Teams trading for Green would also have to be wary that if he was a let down when he arrived, he could extend the expiration date on his deal by deciding to opt in and guarantee himself the $9.2 million for the next season.
However, even if Green did disappoint, his play would have to take a complete nosedive to not be worth that $9.2 million in 2015-16, considering the ballooning contracts in the league.
Keep Him, Opts Out
Scenario number two is probably the most likely of the three. This would assume that Danny Ainge wouldn't get a package at his asking price for Green, which isn't a huge assumption as asking for the moon is par for the course for Danny (as it should be). It also assumes Green continues his high level of play and has a great year, confident he played his way into a big deal on the open market.
At this point, the Celtics would have a big decision to make. They would love to have Green around for the long haul, but it could take a huge offer to get him back in Boston. Just this summer, Gordon Hayward got a max deal and Chandler Parsons got 3 years and $46 million. Wing guys are getting paid. It is hard to believe, but Jeff Green could be looking at contract offers of upwards of $14 million per year this coming summer.
Keep Him, Opts In
Scenario number three is probably the best for the Celtics, giving them a motivated Jeff Green for another year and a half at only $9.2 million per year. Unfortunately, it is also the least likely scenario of the three.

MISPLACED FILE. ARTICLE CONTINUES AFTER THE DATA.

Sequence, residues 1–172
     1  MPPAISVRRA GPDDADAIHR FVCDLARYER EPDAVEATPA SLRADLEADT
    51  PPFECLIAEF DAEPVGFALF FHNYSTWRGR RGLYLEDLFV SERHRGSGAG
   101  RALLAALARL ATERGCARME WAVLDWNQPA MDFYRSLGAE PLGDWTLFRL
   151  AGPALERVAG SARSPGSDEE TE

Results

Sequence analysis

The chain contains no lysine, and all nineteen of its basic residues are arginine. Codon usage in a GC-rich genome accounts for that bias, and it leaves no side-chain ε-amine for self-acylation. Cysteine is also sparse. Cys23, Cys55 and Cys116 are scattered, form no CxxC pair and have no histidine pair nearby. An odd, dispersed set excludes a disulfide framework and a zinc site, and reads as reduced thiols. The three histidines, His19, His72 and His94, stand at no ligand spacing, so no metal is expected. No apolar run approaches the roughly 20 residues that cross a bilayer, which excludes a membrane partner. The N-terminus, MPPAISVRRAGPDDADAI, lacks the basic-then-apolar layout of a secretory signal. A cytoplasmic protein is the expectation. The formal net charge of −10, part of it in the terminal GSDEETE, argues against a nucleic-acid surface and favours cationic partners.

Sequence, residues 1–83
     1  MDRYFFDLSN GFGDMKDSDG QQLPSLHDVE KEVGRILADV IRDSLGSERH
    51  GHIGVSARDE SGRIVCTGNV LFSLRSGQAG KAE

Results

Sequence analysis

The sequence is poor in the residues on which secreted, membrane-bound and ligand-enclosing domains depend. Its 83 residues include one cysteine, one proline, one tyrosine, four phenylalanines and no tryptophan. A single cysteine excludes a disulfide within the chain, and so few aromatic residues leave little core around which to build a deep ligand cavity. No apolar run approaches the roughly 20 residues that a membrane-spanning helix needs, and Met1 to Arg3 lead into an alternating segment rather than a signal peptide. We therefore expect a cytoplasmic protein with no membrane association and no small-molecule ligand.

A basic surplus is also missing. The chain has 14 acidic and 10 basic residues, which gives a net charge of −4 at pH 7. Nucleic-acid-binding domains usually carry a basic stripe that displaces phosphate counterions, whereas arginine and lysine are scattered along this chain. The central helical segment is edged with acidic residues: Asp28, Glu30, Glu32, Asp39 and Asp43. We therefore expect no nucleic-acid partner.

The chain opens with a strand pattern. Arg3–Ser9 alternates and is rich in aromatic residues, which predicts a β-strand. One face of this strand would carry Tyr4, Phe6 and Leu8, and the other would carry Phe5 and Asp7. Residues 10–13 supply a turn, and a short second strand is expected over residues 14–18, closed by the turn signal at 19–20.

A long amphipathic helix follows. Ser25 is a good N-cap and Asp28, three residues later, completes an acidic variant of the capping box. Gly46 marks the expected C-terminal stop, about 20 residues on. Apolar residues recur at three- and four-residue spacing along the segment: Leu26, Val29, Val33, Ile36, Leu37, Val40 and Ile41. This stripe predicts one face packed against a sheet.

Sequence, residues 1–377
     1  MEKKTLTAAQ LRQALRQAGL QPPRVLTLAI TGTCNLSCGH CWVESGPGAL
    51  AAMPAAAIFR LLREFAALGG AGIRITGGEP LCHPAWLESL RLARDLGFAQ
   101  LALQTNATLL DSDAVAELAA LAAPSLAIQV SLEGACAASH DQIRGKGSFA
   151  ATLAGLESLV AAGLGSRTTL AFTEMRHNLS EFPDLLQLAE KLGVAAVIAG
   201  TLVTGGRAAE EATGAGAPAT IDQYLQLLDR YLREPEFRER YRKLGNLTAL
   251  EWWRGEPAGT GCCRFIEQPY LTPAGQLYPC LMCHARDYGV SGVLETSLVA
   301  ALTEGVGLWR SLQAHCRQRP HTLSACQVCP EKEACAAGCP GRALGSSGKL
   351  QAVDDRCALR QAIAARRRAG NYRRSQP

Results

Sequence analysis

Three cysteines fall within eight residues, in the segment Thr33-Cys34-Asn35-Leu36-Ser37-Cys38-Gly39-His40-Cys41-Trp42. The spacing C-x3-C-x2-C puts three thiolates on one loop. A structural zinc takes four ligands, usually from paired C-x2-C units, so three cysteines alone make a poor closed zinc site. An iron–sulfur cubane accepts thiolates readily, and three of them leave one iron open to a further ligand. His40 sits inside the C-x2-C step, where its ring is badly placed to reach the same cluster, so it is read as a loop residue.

Green would be electing to bet on himself having another big year in Brad Stevens's pace and space system and cashing in when the cap is sure to rise. Green could post even better numbers with what should be an upgraded Celtics roster next year (fingers crossed Rondo stays) with all of the young pieces a year older and the possibility of a trade for a star. If he improved on the numbers he is posting thus far, along with a huge bump in the cap, Green would be looking at a massive deal.
However, Green's opportunity at securing a long-term deal this offseason, especially looking at the money Hayward and Parsons already got under the current cap, makes this scenario unlikely.
There is also a way in which this scenario could be a disastrous one, coming about if Green plays poorly enough down the stretch that he wouldn't get the $9.2 million on the open market. Let's think happy thoughts and ignore that one.
Where Jeff Green will end up for the 2016-17 season is anyone's guess, and there is a lot that has to happen before we get to that point. Here is how things could play out.
If the Celtics trade Green, they will be selling high, but he could turn into a superstar on another team, which would be agonizing.
If Green opts out this summer and the Celtics splurge to bring him back, he could revert to his inconsistent ways without impending free agency to motivate him, and the Celtics would have an albatross of a contract on their hands. Again, happy thoughts.
Then again, Green could opt out, get a huge contract offer from another team, and the Celtics would lose him for nothing.
Or finally, Green could opt out, the Celtics could sign him to a big deal, and he could continue to evolve into the superstar we all hoped for when he was acquired from the Thunder. That's happy. I like that one.